American Airlines to Offer Samsung Tablets for In-flight Entertainment
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Samsung Galaxy Tab Wi-Fi
With a few software tweaks and an appealing price, Samsung’s Wi-Fi-only Galaxy Tab should appeal to anyone who wants a 7-inch Android tablet with no pesky service contracts attached.
For those who identify a bit too much with George Clooney's character from the frequent-flyer flick "Up in the Air," here's some good news. If your loyalties, like Ryan Bingham's, are with American Airlines, there's another perk coming your way.
Along with the lounge access, extra legroom and free drinks, American Airlines and Samsung Mobile have partnered to offer 6000 Galaxy Tab Android tablets for in-flight use in its first class and business cabins.
Those breathing the rarified air of the front of the plane will have a shot at playing with a 10-inch Galaxy Tab on select transcontinental and intercontinental flights on American's 757 and 767 planes. Some of those same planes are among American's fleet equipped with in-flight Wi-Fi, meaning that as long as the browser is enabled on the devices, lucky testers will be able to surf the Internet from 36,000 feet--presumably to Google. "Why is my luggage in St. Louis if I'm flying to San Francisco?"
In a press release, the carrier says Samsung will "customize the Galaxy Tab for American's in-flight entertainment needs, including the addition of expanded memory," suggesting that the airline plans to preload the tablets with a variety of HD video.
This seems like a win-win-win situation. For the airline, it's a way to differentiate its premium services on something other than price.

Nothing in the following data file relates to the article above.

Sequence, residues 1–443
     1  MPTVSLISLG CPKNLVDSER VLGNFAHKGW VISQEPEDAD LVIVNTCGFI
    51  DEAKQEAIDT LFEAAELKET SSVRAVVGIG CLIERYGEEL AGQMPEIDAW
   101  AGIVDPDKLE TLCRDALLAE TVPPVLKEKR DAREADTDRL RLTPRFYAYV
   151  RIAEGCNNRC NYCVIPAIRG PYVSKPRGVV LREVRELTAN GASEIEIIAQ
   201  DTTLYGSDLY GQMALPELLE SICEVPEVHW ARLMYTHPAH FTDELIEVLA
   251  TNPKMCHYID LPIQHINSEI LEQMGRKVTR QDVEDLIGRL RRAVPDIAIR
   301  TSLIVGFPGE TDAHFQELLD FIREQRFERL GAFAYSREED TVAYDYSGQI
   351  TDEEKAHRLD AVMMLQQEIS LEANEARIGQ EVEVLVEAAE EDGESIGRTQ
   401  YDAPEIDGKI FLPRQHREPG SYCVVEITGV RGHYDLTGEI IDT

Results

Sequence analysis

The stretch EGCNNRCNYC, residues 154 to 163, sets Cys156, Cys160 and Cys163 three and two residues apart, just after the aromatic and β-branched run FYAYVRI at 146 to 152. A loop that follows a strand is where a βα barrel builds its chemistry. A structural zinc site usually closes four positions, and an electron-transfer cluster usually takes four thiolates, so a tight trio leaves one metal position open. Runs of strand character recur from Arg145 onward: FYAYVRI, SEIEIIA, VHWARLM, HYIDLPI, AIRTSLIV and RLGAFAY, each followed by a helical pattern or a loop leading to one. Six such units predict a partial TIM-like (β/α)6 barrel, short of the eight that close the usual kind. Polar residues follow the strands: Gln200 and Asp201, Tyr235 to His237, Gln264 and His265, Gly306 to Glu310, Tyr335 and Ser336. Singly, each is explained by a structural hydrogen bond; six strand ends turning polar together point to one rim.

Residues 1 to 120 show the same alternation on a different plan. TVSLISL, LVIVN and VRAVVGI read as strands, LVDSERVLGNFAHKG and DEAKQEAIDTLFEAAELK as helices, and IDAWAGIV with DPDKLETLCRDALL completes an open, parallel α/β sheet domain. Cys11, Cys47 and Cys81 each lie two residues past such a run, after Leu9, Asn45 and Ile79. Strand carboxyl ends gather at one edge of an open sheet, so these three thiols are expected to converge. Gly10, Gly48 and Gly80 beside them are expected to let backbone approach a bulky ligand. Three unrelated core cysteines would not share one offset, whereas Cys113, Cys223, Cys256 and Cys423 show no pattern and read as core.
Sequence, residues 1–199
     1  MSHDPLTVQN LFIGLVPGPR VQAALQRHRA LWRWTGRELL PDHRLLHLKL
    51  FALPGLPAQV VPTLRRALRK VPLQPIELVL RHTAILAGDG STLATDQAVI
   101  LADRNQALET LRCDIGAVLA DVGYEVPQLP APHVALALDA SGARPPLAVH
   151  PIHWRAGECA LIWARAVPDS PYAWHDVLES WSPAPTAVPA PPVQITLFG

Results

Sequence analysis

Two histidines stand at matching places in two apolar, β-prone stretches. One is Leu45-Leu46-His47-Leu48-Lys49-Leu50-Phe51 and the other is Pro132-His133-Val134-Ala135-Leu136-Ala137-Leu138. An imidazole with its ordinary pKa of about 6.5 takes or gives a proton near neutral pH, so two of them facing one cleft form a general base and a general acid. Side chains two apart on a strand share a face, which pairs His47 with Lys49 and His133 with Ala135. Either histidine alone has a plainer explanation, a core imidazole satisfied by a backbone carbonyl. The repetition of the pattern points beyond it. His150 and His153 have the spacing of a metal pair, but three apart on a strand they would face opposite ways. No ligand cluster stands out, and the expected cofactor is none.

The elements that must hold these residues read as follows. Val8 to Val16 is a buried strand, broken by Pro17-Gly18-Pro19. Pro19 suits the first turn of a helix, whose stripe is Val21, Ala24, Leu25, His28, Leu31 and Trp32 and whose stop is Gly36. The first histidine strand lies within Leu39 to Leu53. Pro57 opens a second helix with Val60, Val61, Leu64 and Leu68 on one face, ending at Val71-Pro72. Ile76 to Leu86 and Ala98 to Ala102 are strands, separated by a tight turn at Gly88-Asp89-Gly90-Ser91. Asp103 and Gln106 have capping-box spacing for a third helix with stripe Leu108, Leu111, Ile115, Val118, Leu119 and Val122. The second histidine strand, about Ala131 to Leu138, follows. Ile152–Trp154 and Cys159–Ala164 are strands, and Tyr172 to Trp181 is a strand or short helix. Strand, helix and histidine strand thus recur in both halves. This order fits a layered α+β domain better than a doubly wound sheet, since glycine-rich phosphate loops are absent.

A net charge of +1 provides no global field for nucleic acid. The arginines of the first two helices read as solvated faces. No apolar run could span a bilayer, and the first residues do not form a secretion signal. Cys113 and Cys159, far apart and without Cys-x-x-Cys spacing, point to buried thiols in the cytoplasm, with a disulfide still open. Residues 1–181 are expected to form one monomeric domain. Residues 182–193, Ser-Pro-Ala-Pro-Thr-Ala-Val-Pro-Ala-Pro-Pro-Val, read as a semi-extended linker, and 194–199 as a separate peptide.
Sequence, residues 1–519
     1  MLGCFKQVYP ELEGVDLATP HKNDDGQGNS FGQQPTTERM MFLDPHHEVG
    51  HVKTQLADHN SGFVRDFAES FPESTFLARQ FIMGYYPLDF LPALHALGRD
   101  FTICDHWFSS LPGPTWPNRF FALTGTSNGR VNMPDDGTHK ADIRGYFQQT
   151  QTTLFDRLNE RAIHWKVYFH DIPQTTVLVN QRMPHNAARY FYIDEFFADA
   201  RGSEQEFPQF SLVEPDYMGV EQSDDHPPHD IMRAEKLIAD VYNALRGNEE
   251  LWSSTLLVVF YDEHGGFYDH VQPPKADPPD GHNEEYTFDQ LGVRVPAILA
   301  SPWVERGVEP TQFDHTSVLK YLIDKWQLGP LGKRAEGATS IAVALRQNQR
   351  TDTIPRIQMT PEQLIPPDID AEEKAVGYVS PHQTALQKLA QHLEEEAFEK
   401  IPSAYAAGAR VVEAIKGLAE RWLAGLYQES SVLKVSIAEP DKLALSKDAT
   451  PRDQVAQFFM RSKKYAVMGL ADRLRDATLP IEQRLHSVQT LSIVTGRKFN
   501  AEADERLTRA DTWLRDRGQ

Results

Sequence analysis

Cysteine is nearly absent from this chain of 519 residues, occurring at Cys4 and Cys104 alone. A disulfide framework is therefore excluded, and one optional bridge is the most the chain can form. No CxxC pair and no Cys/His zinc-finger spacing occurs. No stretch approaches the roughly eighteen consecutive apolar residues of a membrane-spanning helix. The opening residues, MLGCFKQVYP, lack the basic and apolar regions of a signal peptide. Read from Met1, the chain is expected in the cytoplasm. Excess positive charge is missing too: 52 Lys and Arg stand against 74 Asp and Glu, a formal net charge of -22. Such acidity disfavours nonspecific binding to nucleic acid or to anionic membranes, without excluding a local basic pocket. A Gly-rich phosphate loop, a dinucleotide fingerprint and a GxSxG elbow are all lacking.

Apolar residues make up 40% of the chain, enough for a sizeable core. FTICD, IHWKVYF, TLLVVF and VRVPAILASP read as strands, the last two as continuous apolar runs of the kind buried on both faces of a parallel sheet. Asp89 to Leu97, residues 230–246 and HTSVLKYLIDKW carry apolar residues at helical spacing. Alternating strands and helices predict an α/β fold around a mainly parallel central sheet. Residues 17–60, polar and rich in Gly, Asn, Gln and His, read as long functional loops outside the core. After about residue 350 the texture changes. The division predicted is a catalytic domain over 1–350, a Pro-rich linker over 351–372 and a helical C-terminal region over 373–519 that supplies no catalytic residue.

For Samsung, it's a way to build a little awareness and branding around the Galaxy in a market where "iPad" and "tablet" are almost synonyms. It's also a way of positioning the Galaxy as a premium device through its association with business and first class flying, giving it a chance to compete with the iPad at its own game (and price point) rather than resorting to drastic price cuts to compete with the market leader.
And, for the traveler? Well, ask any frequent business traveler, and they'll likely tell you that anything that makes a transcontinental or intercontinental flight a little more bearable is a win.
This isn't the first foray of the tablet computer into the world of commercial air travel. Along with becoming nearly ubiquitous among passengers, tablets have also been offered as a for-rent device by Australian low-cost carrier Jetstar beginning last year. Meanwhile, the iPad has been given a seat in the cockpit by Alaska Airlines, which recently dumped paper-based flight manuals in favor of the tablets.